Music royalties: How to get paid what you’re owed


The Performing Right Society (PRS) for Music distributes royalties to songwriters in the UK. Here’s what you need to know to make sure you get paid for your creative efforts.

PRS for Music is a membership organisation that represents the rights of over 135,000 songwriters, composers and publishers in the UK. It’s home to two societies – the PRS and the MCPS. Don’t be put off by the acronyms, both help songwriters get paid the royalties to which they’re entitled.

What is PRS?

PRS collects and distributes royalties for musical works that have been performed or played on the radio, on television, or live at gigs and festivals. It does this by gathering details of what music is played at live venues and collating information from TV and radio broadcasters.

What is the MCPS?

The MCPS (Mechanical-Copyright Protection Society) collects and distributes royalties for musical works that have been reproduced or copied – for example onto CDs or vinyl, used on TV and radio and when music is streamed or downloaded. MCPS uses data from online services such as YouTube and SoundCloud to calculate the distribution of royalties to members.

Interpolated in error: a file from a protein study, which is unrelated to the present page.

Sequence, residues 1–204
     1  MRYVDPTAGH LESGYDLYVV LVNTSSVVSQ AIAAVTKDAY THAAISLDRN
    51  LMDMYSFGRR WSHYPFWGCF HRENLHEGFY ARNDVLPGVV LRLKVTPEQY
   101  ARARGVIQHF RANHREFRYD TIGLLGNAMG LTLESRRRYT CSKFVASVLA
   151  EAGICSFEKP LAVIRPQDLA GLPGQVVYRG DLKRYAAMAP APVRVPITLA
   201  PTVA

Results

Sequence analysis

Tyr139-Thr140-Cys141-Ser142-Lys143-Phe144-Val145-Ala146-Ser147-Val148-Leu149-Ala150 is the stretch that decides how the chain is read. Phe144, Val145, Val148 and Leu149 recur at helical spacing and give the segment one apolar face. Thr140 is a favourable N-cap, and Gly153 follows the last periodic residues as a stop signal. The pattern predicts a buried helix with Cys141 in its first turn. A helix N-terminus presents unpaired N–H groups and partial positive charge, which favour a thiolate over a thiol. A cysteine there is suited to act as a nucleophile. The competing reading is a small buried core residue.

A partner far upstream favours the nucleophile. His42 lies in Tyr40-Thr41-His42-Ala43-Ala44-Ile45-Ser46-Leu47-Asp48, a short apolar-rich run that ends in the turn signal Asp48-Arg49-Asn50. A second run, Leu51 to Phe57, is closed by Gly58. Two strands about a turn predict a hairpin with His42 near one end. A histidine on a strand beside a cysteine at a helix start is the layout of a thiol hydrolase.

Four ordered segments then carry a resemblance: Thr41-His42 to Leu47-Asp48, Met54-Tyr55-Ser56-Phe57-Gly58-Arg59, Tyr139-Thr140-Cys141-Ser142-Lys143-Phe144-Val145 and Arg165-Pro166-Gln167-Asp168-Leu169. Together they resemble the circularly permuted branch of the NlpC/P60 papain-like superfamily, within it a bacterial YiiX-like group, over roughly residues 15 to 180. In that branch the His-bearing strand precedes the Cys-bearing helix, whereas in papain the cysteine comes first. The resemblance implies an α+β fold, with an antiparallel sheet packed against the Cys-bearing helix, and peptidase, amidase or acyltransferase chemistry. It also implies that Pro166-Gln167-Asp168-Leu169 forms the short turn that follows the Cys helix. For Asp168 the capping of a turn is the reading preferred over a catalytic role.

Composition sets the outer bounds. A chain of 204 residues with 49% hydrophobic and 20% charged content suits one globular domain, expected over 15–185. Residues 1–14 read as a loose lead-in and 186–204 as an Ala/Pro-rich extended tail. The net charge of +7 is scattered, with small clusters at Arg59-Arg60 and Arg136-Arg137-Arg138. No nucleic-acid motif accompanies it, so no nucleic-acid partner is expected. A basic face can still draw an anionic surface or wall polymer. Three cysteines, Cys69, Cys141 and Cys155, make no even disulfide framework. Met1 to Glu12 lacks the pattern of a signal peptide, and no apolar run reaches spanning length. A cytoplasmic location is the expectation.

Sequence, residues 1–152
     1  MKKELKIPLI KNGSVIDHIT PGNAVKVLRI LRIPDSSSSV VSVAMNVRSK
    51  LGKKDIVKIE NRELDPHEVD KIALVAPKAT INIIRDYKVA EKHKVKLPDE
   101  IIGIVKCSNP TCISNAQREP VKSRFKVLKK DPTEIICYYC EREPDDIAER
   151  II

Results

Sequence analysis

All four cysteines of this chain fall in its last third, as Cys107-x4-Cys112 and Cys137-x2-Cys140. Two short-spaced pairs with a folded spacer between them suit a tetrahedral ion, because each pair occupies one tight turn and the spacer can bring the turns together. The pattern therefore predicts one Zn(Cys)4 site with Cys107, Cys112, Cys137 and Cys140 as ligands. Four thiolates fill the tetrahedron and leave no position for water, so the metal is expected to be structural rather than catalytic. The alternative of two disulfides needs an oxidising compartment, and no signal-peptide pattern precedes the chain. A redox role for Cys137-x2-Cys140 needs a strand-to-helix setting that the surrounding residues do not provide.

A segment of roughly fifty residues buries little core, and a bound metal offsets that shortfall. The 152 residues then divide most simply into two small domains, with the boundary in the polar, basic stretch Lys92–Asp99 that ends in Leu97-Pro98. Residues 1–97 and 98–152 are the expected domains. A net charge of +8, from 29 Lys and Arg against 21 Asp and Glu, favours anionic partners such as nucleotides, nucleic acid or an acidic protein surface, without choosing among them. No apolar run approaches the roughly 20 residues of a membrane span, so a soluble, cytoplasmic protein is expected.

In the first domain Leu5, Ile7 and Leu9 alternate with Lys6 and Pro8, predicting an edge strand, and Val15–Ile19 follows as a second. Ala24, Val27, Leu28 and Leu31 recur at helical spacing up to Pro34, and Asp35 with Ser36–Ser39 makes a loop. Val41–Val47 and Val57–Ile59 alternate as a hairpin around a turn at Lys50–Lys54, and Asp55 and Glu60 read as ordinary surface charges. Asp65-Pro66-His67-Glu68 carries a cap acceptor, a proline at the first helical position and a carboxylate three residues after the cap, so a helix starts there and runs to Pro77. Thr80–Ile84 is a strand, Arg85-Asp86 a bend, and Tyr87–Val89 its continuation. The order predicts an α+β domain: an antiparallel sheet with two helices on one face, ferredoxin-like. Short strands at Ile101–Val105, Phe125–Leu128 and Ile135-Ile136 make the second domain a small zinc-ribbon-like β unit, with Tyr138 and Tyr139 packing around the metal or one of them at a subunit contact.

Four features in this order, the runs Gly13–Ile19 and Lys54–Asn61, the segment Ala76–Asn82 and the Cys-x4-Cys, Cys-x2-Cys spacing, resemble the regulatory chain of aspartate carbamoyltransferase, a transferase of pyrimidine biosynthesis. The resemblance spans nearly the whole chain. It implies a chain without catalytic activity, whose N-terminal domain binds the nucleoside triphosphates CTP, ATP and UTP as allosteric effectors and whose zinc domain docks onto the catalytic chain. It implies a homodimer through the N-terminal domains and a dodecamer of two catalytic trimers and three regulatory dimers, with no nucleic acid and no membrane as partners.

Register your details

If you’re a songwriter and your songs are being performed, or copied, then you should (and when we said should we really mean must) register with PRS and MCPS.

To do this, visit the PRS for Music website HERE. Once you’ve registered and have an account, you can check your royalty payments, claim unpaid royalties and report your live performances online.

What about singers who don’t write music?

PPL distributes royalties to people who perform on recordings.

How much can a songwriter expect to be paid in royalties?

It depends on how and when your work is used. This is a pretty woolly answer, we know, but differing usages generate different values. PRS for Music operates a variety of licensing agreements to ensure remuneration is fair.

When are royalties paid?

PRS pays quarterly and MCPS pays monthly.

Who pays if a singer performs someone else’s music at a gig?

When you “cover” other another person’s work at a gig, you don’t personally have to pay money. It is the obligation of the venue or premises you are performing at to report this to PRS for Music. All concert venues are asked to provide details of all music performed live within their premises as part of their licence with PRS for Music.

Nevertheless, members can report details of their own performances too.

Get wise and know your royalty rights

The music industry is first and foremost a business. Educate yourself about how it works. You don’t need to be a legal expert in copyright law, but you do need a good general understanding of the relevant issues. Start by reading iSingmag’s Copyright 101 HERE. Another good resource is the PRS for Music website:

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